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Dalia Shawky on Coco Chanel & Finding the Romance in Life

ELLE sat down with the Egyptian actress for a deeper dive

Fulfilling her passion, from leading roles at the AUC Theatre to the silver screens alongside Egyptian icons, Dalia Shawky sat down with ELLE for a 1-on-1.


If we were to pin a point in time in which Shawky’s journey with theater began, we would have to go back to her very first play. Shawky begins, “If I were to tell the story in a romantic manner, I think the first chapter of the book would be a play I did when I was young, Cinderella. I was the step-mother.” She smiles at the memory, “My best friends to this day are the people who played Cinderella and the stepdaughters. I feel like this could be the first page.” 

As the actress’ dream continued to grow with her, she later found herself pursuing acting in her college years. 

“The first big play I was in was The Game of Love and Chance. It was on the main stage, Malak Gabr at the American University in Cairo, directed by the late Mahmoud El Lozy.” The actress goes on to tell us of the special place that theater holds in her heart, and how unique her experience with the late director was. “It was the first time, it was my first year in college, and it was the first milestone in a way.” 


Shawky then went on to star in many big roles in her career, among which are Ka’eno Embareh, Finding Ola, and Safah El Giza. The one she spent the most time telling us about, though, was her first play on the big stage alongside Egyptian icon Sherihan. “When I signed the contract for a play, Coco Chanel, with Sherihan, that was a dream I never thought would come true. It was such a moment between me and God. That was such a precious moment to me.”

“Working with Sherihan was everything. That’s truly the only way I could describe it.” Shawky tells us, “Generally I’m not someone who’s ever starstruck, but Sherihan was something else to me. My family always tells me how affected I was by her during my childhood. I had her pictures up in my room.”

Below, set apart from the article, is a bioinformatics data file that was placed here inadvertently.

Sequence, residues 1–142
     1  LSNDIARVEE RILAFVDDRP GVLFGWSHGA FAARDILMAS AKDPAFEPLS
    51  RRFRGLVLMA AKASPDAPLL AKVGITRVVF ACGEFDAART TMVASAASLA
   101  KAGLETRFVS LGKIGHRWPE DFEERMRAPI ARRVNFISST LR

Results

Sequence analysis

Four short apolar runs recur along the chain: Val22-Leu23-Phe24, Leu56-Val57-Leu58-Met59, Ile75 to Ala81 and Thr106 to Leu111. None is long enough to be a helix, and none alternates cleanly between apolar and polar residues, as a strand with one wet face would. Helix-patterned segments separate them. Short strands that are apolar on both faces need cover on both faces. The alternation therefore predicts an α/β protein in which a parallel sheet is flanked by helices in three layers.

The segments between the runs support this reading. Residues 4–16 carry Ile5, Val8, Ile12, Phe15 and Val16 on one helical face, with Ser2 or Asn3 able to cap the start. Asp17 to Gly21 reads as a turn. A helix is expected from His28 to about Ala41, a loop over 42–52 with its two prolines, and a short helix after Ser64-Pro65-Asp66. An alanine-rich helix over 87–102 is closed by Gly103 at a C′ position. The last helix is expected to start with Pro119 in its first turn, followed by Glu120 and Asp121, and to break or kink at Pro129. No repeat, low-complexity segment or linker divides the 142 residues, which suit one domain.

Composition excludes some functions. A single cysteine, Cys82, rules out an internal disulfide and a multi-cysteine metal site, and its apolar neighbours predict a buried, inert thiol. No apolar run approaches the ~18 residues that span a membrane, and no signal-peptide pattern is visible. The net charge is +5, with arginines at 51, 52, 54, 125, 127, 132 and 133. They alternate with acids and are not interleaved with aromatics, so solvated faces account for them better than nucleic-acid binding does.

“The first time I met her I cried. I froze. I couldn’t move. I just stood there with my hands on my mouth, crying.” The actress then goes on to tell us how it was actually Sherihan who came over to her and hugged her, telling her she loved her. “I still get emotional thinking about it.” Shawky recalls in admiration, “And I kept repeating to her ‘You don’t understand, you don’t understand, you don’t understand.’” 

“To witness an icon on stage, working, doing the thing you love most, theater, is an insane experience. The way she continued being the same as she was off stage, she’s a legend, Sherihan is the legend.” 


It’s not often an actor embodies a role so well that the audience still recognizes them for it 7 years later, but that’s exactly the case with Shawky’s first TV experience. “My first TV show was around the same time as the play, it was Ka’eno Embareh. To this day people stop me in the street and call me by the name of that character, Nahed Rostom. It’s been years, it’s been 7 years.” 

The show, starring Rania Youssef, Ahmed Wafik, Mohamed Al-Sharnouby, Huda El Mufti, Ahmed Khalil, Mayan El Sayed, and many more actors adored by the audience was a great success. It tells the story of a family that lives through a tragedy for years after losing their son, Ali, after he was kidnapped on the beach as a boy. Years later, Ali reappears, raising questions, the biggest of which: Is it actually him? 


Safah El Giza was a really big turning point for me in my career.” Shawky shares, “The process of preparing for that show is one I don’t think I’ll ever forget. We had a very big responsibility with Safah El Giza because it’s inspired by true events.” 

“This was a project that had never been done before, nothing like it had ever been done.” The actress states, “And there was truly a lot of respect on set. All of the cast, all of the crew, everyone was giving 200%.” 

Starring Ahmed Fahmy, Rakeen Saad, Bassem Samra, along many more beloved actors, the series went on to become a hit, and broke records. 


“I feel like I’m a sponge, and I’m always ready to absorb what life has to give.” Shawky touches on the way she goes through life, explaining that she often finds love to be the leading force. 

“I believe you should go through life with an open heart.” She shares, “Still, though, as much as I believe in giving love..” she was inspired by Hend Sabri’s saying that “.. not everyone deserves your heart.”

For the rest of our sit down with Dalia Shawky, head to our YouTube channel. 

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